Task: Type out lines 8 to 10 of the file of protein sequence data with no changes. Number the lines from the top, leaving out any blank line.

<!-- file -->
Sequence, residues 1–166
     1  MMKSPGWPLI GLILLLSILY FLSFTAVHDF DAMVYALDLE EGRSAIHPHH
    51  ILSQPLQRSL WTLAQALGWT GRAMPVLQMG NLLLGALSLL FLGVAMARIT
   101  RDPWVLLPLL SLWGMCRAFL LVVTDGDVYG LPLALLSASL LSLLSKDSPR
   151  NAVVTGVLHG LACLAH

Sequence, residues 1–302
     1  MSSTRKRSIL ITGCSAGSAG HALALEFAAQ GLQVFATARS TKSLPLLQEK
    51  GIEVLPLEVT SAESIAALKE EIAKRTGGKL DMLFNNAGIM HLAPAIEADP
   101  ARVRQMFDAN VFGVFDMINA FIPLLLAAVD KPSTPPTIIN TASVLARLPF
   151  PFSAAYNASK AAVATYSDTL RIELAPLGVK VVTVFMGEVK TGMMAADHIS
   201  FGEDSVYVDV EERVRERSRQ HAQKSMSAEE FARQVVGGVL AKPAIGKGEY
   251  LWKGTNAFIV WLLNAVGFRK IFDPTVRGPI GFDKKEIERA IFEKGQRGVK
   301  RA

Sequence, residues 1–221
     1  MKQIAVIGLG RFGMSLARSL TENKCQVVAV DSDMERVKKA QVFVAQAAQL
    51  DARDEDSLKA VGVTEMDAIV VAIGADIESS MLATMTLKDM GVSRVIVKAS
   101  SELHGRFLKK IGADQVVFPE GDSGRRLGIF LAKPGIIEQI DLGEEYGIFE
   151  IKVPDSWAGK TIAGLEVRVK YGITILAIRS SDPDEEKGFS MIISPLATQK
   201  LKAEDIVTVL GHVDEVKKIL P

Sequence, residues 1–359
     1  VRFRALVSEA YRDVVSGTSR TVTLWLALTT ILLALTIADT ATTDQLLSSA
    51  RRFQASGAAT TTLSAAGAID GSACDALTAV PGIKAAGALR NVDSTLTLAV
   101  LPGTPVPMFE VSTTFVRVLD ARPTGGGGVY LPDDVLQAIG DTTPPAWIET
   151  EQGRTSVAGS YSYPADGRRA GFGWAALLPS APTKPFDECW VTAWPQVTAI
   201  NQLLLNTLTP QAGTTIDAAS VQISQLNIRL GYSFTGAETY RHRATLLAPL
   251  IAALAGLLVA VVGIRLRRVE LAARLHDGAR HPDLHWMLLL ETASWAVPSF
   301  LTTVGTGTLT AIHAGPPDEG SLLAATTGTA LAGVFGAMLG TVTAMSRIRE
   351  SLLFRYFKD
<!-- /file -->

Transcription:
    51  GIEVLPLEVT SAESIAALKE EIAKRTGGKL DMLFNNAGIM HLAPAIEADP
   101  ARVRQMFDAN VFGVFDMINA FIPLLLAAVD KPSTPPTIIN TASVLARLPF
   151  PFSAAYNASK AAVATYSDTL RIELAPLGVK VVTVFMGEVK TGMMAADHIS